While the U.S. Midwest has careened into drought this growing season, western Plains stations have posted some eye-popping rainfall amounts. The month of May featured a reported eight-plus inches of rain near Hereford, Texas, in the Texas Panhandle. Lubbock, Texas, has recorded more than six inches of rain in May and June. At the edge of the Rocky Mountains, Colorado Springs, Colorado, measured 4.02 inches of rain on Monday, June 12, wiping out the old record of just .69 inches set in 1989. Goodland, Kansas, May and June rainfall totaled more than 8.7 inches through June 23. McCook, Nebraska, recorded 10.94 inches of rain in May alone. The southwestern Plains and Texas Panhandle have indeed been in the rain track.
For the U.S. grain sorghum crop, the rainfall has generally been a favorable event. Sorghum conditions in the top six sorghum-producing states, listed in USDA reports alphabetically as Colorado, Kansas, Nebraska, Oklahoma, South Dakota and Texas are notably higher than last year. The good-to-excellent ratings for the top six states as of mid-June totaled 60%; well above the 46% combined good-to-excellent total a year ago. Colorado sported a lofty 84% good-to-excellent condition sum.
But, while that mid-June condition rating is much improved from last year, drought is still a factor, especially in Kansas, which is by far the top sorghum-producing state. (Kansas produced almost 60% of the U.S. sorghum crop in 2021 and 56% in 2022.) USDA's mid-June Ag in Drought analysis notes that 55% of nation's sorghum production areas are still in drought, mainly because Kansas is still dealing with drought after harsh dryness over much of the last two years. The U.S. June 20 Drought Monitor showed more than half of Kansas was in severe, extreme or exceptional drought.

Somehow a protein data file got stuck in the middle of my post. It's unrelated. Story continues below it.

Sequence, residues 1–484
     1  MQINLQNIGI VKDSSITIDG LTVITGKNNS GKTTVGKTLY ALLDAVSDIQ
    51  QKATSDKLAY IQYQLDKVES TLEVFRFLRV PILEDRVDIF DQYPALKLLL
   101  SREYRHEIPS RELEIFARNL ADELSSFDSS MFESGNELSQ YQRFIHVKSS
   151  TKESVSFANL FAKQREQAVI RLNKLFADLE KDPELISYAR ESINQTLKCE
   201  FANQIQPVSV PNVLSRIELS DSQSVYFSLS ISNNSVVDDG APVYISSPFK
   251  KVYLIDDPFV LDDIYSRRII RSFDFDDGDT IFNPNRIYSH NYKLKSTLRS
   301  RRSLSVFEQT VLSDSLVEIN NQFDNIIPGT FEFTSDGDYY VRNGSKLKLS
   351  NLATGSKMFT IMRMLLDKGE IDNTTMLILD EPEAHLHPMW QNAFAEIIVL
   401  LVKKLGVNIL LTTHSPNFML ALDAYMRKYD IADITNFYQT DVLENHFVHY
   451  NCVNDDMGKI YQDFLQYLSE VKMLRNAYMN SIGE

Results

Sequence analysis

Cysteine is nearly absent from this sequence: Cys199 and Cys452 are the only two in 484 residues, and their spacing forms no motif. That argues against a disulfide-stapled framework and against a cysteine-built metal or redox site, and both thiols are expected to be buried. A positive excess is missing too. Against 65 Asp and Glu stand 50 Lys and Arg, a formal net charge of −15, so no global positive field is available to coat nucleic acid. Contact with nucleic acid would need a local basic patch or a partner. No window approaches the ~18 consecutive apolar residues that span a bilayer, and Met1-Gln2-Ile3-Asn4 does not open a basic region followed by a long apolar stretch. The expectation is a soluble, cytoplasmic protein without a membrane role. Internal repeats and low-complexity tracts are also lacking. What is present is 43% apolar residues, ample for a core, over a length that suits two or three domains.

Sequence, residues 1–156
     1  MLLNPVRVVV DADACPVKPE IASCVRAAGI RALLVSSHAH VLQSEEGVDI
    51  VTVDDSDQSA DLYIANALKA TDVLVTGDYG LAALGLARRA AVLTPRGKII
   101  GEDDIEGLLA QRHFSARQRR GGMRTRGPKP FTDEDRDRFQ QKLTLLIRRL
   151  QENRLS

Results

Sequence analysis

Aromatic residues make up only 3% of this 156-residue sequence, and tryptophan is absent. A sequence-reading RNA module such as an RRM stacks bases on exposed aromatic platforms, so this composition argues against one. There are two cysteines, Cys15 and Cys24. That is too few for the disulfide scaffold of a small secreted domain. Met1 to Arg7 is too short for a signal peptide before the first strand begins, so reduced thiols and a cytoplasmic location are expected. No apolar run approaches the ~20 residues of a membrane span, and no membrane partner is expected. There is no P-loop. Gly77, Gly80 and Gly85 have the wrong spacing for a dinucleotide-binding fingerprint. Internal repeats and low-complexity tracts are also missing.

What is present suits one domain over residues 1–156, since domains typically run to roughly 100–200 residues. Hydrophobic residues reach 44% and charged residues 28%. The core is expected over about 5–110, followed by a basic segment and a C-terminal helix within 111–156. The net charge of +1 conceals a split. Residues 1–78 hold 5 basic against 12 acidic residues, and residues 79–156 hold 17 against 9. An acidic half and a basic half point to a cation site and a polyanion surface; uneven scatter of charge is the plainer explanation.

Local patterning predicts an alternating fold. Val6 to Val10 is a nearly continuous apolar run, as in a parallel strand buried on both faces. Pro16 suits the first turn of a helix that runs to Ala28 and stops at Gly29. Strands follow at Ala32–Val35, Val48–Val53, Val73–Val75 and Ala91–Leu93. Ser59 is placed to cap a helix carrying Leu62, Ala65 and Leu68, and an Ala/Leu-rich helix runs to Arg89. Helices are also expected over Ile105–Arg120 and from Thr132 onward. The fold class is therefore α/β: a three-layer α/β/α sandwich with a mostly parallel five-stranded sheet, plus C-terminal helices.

Sorghum is very drought tolerant, however, and official projections call for sorghum output to rebound sharply from 2022, when drought slashed nationwide production by 58% and the Kansas crop by 60%. The June USDA World Agricultural Supply and Demand (WASDE) report calls for U.S. sorghum production to reach 360 million bushels (mb) in 2023. That total projection is 20% less than 2021, but almost double the drought-affected harvest of 188 mb in 2022. Given the boost in precipitation over some very needy sectors of the Plains in the last two months, that bounce back in sorghum production has a good chance of coming true and building back the sorghum supply following last year's meager harvest. Add in the likelihood of an outlook featuring El Nino-influenced additional precipitation for late season, and sorghum prospects are much brighter in late June this year than they were at any time a year ago.
Bryce Anderson can be reached at Bryce.Anderson@dtn.com
(c) Copyright 2023 DTN, LLC. All rights reserved.